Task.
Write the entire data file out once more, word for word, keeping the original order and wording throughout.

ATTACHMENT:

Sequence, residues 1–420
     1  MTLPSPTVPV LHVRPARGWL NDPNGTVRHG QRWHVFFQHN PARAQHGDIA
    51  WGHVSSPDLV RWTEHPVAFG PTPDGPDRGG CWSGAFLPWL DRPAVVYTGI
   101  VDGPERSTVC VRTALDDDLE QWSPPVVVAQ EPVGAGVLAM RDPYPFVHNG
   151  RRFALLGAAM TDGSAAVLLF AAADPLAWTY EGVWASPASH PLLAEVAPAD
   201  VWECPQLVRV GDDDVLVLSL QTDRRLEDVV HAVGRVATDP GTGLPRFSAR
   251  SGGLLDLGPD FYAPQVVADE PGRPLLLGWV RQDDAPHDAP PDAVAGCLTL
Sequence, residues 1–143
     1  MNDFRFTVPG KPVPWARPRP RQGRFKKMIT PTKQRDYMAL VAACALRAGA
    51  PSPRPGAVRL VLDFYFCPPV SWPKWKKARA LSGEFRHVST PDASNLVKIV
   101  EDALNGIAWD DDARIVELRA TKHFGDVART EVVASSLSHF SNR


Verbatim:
Sequence, residues 1–420
     1  MTLPSPTVPV LHVRPARGWL NDPNGTVRHG QRWHVFFQHN PARAQHGDIA
    51  WGHVSSPDLV RWTEHPVAFG PTPDGPDRGG CWSGAFLPWL DRPAVVYTGI
   101  VDGPERSTVC VRTALDDDLE QWSPPVVVAQ EPVGAGVLAM RDPYPFVHNG
   151  RRFALLGAAM TDGSAAVLLF AAADPLAWTY EGVWASPASH PLLAEVAPAD
   201  VWECPQLVRV GDDDVLVLSL QTDRRLEDVV HAVGRVATDP GTGLPRFSAR
   251  SGGLLDLGPD FYAPQVVADE PGRPLLLGWV RQDDAPHDAP PDAVAGCLTL
Sequence, residues 1–143
     1  MNDFRFTVPG KPVPWARPRP RQGRFKKMIT PTKQRDYMAL VAACALRAGA
    51  PSPRPGAVRL VLDFYFCPPV SWPKWKKARA LSGEFRHVST PDASNLVKIV
   101  EDALNGIAWD DDARIVELRA TKHFGDVART EVVASSLSHF SNR